Squamous-cell carcinoma – usually occurs in areas exposed to the sun, with chronic sun exposure being the strongest environmental risk factor. While the risk of metastasis is low, it is much higher than basal-cell carcinoma. Squamous-cell cancers of the lip and mouth have metastatic and recurrence rates of between 20 and 50 percent.
There are several symptoms, including reddish skin plaque, intermittent bleeding, hard and edges or a small ulcer (often on the lips) that fails to heal and bleeds intermittently. Your dermatologist is the best person to examine, diagnose and treat any suspicious skin conditions that have you concerned.
Diagnosis is via a biopsy. Most squamous-cell carcinomas are removed with surgery.
Melanoma – a malignant tumor of melanocytes (the cells that produce the dark pigment, melanin, which is responsible for the color of skin). Melanoma can occur in any part of the body that contains melanocytes. They predominantly occur in skin, but are also found in other parts of the body.
The most common early signs of melanoma are:
- growing mole on the skin
- unusual looking mole or one that doesn’t look like any of the others (the ugly duckling test)
- a non-uniform mole with an odd shape, uneven or uncertain border or of a different color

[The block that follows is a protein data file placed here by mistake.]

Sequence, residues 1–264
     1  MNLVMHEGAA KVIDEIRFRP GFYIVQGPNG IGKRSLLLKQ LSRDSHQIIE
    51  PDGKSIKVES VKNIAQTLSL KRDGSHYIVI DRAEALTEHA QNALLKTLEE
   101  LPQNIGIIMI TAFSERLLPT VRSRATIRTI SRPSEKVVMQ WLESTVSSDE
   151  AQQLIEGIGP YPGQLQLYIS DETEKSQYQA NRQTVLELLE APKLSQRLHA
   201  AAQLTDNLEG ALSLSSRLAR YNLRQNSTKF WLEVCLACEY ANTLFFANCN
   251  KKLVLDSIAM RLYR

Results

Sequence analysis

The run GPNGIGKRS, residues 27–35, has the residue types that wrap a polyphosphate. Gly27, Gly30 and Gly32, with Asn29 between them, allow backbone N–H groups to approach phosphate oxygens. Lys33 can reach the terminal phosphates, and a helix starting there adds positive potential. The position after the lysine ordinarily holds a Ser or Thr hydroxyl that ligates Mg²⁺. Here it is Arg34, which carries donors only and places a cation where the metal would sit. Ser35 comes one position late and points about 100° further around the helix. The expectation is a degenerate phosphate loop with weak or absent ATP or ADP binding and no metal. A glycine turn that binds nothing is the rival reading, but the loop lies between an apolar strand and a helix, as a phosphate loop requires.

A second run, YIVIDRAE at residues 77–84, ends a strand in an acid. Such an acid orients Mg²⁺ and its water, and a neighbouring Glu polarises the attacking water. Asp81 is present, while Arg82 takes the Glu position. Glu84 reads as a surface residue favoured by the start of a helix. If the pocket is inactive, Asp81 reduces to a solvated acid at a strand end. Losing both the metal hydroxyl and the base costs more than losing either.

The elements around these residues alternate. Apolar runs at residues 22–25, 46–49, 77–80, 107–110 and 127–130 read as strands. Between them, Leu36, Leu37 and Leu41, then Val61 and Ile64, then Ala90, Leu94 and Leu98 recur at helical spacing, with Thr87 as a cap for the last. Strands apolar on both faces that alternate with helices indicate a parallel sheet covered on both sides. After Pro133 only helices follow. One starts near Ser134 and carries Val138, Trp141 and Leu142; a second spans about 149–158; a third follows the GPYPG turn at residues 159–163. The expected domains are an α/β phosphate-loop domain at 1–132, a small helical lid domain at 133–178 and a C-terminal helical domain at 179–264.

It’s a good idea to become familiar with the American Academy of Dermatology’s ABCDEs of Melanoma:
A is for asymmetry: Draw an imaginary line through the middle of the lesion, either up and down or side-to-side. Are the two sides the same size and shape (symmetrical)? Melanomas are usually asymmetric, meaning one side is unlike the other. Melanomas can also be flat or raised.
B is for border: The edge or border of a melanoma is usually irregular. The border can be ragged, notched, scalloped, blurred or poorly defined.
C is for color: Benign (non-cancerous) moles can be any color, but a single mole will be only one color. Melanomas usually vary in shades of tan, brown or black. Sometimes they can be white, red or blue. They often have a variety of hues and colors within the same lesion.
D is for diameter:While melanomas are usually greater than 6 millimeters in diameter (the size of a pencil eraser) when diagnosed, they can be smaller. If you notice a mole different from others, you should see a dermatologist.
E is for evolution: Does the size or nature of the lesion evolve over time?
Though in the early stages, there may not be any tangible symptoms, sometimes a melanoma will:
- feel painful
There are actually different types of melanoma. One type can first appear as a brown or black streak underneath a fingernail or toenail. Melanoma also can look like a bruise that just won’t heal.
Melanoma is less common than other skin cancers but much more dangerous. It causes the majority of deaths related to skin cancer. Doctors diagnosed about 115,000 new cases of melanoma in 2010. The diagnosis is more frequent in women than in men and is particularly common among Caucasians living in sunny climates. Male or female, Caucasian or otherwise, it’s the most common form of cancer for young adults age 25-29. One American dies from melanoma nearly every hour.
Treatment of early-stage melanoma includes surgical removal of the tumor by a dermatologist. More advanced melanomas may require treatment by an oncologist or surgical oncologist. The chance of a cure is greatest when the tumor is discovered while it is still small and thin and can be entirely removed surgically.